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Dec 28 2018

Microsoft Introduces “Project Mu”

Redmond's Devices Team has developed its own open-source version of the Unified Extensible Firmware Interface (UEFI) core already used in products such as the Surface laptop series or recent editions of Hyper-V.

Presumably named after a mythical lost continent, Project Mu is intended to help users overcome real and perceived limitations of the older UEFI implementation TianoCore, which allegedly was "not optimized for rapid servicing across multiple product lines," as the engineers claim on the Windows blog. To solve this issue and others, they have essentially taken TianoCore and "adapted" it to better suit today's Windows PCs. As it stands, this resulted in an open-source solution that is easily scalable, maintainable and reusable and could be used to deliver Firmware-as-a-Service (FaaS). This, in turn, might help ICT vendors to distribute firmware upgrades more frequently and regularly and thus fix security holes in various devices., some of which have caused quite a stir in recent years. Moreover, Project Mu also removes unnecessary legacy code to reduce the attack surface, provides secure management of UEFI settings, adds a high-performance boot process, and includes a test and tool suite that will help developers to analyze and optimize their UEFI code, all accessible via a modern boot menu and onscreen keyboard.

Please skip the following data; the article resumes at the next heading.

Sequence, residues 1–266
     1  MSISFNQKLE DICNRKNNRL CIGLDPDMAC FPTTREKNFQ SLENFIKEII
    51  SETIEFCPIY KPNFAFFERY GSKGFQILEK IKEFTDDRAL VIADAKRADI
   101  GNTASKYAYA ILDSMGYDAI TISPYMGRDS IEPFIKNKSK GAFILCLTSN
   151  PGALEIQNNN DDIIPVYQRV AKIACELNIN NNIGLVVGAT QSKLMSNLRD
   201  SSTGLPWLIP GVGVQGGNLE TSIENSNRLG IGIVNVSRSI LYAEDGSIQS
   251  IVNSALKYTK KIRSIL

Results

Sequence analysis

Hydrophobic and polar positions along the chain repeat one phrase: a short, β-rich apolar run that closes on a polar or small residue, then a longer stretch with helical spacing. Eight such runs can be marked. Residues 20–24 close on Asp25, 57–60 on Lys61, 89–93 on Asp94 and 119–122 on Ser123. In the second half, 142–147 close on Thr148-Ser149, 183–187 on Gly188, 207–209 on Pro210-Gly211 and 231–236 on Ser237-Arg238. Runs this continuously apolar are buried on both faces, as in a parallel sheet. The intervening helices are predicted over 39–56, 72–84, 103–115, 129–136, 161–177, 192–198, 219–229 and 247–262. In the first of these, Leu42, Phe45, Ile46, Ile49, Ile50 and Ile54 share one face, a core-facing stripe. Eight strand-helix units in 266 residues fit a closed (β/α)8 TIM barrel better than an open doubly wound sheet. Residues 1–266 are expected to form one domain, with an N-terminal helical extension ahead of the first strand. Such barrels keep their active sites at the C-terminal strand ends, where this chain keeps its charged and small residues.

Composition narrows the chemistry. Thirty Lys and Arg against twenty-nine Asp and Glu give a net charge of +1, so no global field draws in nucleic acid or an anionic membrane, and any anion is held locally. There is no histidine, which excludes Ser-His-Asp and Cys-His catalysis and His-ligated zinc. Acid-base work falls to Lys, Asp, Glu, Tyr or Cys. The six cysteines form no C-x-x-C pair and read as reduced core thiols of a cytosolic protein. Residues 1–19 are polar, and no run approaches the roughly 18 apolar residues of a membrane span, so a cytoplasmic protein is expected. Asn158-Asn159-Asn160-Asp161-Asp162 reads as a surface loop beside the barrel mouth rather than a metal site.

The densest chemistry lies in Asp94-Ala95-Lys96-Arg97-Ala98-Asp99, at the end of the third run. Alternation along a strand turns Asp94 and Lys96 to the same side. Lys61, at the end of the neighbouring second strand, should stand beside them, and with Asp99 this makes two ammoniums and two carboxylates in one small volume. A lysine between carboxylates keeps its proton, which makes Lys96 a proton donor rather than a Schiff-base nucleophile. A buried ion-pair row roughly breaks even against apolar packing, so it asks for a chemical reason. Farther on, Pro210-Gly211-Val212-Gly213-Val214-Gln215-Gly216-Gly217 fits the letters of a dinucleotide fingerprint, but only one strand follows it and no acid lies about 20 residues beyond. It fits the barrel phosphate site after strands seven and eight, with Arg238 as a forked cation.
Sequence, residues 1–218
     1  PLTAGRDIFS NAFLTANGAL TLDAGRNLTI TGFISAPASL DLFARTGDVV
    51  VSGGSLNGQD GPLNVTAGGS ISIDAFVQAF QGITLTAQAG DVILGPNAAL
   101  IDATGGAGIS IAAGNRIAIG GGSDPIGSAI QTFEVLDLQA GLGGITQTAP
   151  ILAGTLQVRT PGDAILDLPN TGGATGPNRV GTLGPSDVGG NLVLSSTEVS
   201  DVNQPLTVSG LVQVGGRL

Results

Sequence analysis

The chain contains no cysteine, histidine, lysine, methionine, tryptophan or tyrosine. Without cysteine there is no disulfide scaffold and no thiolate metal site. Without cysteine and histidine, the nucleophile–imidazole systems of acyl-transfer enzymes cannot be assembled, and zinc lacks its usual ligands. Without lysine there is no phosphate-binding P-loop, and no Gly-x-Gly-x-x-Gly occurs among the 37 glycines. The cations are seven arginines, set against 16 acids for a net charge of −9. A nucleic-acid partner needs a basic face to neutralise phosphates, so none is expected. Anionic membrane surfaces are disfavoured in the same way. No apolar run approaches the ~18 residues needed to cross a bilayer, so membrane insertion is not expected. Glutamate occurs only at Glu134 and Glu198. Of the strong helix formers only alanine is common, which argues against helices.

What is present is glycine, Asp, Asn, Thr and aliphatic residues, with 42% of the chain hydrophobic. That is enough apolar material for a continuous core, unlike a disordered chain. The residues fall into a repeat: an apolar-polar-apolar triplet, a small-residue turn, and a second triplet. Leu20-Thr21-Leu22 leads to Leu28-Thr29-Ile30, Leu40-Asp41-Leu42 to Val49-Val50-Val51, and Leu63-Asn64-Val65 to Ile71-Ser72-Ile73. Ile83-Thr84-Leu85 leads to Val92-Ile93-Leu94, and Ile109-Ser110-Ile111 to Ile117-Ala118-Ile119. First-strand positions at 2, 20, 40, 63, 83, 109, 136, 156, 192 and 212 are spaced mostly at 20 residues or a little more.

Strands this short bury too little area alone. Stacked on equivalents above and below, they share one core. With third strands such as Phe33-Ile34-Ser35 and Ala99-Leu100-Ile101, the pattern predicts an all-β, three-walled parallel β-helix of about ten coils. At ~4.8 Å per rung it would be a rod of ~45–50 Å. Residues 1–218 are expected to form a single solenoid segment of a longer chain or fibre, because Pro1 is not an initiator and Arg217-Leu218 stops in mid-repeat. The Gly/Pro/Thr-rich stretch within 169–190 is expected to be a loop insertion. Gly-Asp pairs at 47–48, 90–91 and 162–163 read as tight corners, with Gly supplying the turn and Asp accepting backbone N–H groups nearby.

The concept of delivering firmware as a service definitely provides some advantages over the current delivery model, in which updates/upgrades typically arrive infrequently, too late, or both. As a result, routers, smart TVs, IoT devices and the like are relatively simple to manipulate and often serve as springboards for rapid and widespread infections – prominent examples include 2014's Heartbleed and last year's VPNFilter. On the other hand, many users may wonder whether this was the best time to announce a project with such potentially far-reaching consequences at the tail end of a year in which Microsoft has been severely criticized for botching two subsequent Windows 10 upgrades.

For detailed information, please visit the Project Mu webpage. Code samples are available from GitHub.


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